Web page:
If you are wondering what is going on here, take a step back and all will be revealed. We are in the middle of a story – and a game here – between you and I. To save you flipping up and down, here’s the Story so far:
Dear Mr. Bomb,
Thank you for your letter. Don’t worry, I’m not mad so I won’t go to the police. The bribe I paid them 2 years ago for my stolen car which they never recovered is still vexing me. I will keep this to myself. Please take care of my darling husband. He likes to eat soft eko in the night, if you can manage it. By now he must have told you about his injections. I know you may not believe him but it’s true: if he doesn’t take his anti-clot injections every night he will just die on your hands – and me I am not going to pay any ransom for the dead body of my husband o. I’m telling you now. It is true that the injection is extremely expensive, and I know you may not have budgeted for it when you were planning this kidnapping, but you have to spend money to get money, not so? So please let me know what the ransom is and I will pay it. My husband is a good and a faithful man. We don’t have any children and he is all I have. As you instructed, I will stroll down Tosin street at exactly 9 pm, wearing a yellow headtie, and I will give this letter to the first beggar boy that comes carrying a yellow bowl and calls me ‘Ashawo’. But please now, can you choose another password next time? I don’t see the point of being insulted for nothing’s sake.
Mrs. Ashiru Koton
and here’s today’s installment:
Dear Bayo de Bomb,
Sorry o, I wasn’t trying to make fun of your nickname. It is just my lack of experience of things like this. Please forgive me.
About this kidnap business, is this ‘5,000,000’ naira or ‘50,000’ naira I am reading? I think the zeros are a bit too much. Didn’t you know I am just a housewife? Or don’t you people do any research before kidnapping somebody? Anyway, me I also read newspapers as well. The Surulere businesswoman they kidnapped three weeks ago, is it not one hundred thousand naira that they paid? My husband is an ordinary civil servant and you are asking me for five million! I know that the Surulere people took three months to negotiate the ransom down, but look, I don’t have three months. And with the cost of anti-clot injections, you yourself don’t. Look, the truth is that I am going to Dubai this very weekend and my ticket is non-refundable, so just tell me your ‘last price’. Me, I am offering to pay fifty thousand naira. Please. I don’t have the kind of money that you are asking. If I try and borrow more than five thousand naira my friends will laugh at me. Unless I tell them the truth… first you say I shouldn’t tell anybody, next you say I should bring five million. From where? Does your own housewife keep five million under her bed? Don’t forget that my husband is just an ordinary deputy director in the civil service. Yes he sees a little bribe here and there like everybody else, but it is not the type that you are thinking.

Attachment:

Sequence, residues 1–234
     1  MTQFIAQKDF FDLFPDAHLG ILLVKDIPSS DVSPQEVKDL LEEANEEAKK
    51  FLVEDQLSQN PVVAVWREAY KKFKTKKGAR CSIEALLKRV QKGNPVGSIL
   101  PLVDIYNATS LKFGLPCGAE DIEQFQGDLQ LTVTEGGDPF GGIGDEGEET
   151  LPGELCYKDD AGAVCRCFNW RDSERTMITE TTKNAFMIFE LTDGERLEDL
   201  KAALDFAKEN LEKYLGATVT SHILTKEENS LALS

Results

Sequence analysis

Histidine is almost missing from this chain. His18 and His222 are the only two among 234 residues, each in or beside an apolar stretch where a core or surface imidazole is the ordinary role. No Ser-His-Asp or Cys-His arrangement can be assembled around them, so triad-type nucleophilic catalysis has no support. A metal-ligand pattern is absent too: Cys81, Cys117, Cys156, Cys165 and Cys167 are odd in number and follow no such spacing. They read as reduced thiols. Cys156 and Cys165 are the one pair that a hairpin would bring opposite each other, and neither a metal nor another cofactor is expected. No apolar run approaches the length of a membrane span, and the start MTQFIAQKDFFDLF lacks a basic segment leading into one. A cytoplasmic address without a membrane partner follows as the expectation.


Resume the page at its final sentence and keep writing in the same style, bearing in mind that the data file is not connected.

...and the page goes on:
Or do you want me to talk to my husband’s senior brother? He can raise two or three hundred thousand easily. The problem is that my in-law is a senior director at the Ministry of Police Affairs. That is the problem. If I tell him he will just be thinking, Police! Police! That’s the problem. And you know how efficient the police can be when the investigations concerns them personally. – If they arrest anybody, there is no court. They just settle everything with ‘accidental discharge’. I am sending my savings passbook with this letter so that you can see the kind of money that my husband gives me every month. I am not complaining, mark you, because he pays most of my bills. Except that I don’t see the money in cash, that’s all. You know how you men are. Don’t say I’m teaching you your job o, but normally kidnappers will kidnap a child or a mistress or something, not the main man who can raise the money. Anyway, should I send you my trinkets? They are not real gold, but they are very, very pretty (and I know my husband will replace them when he comes back). If you agree, I can pack them up very well and give them to your beggar boy instead of your five million naira.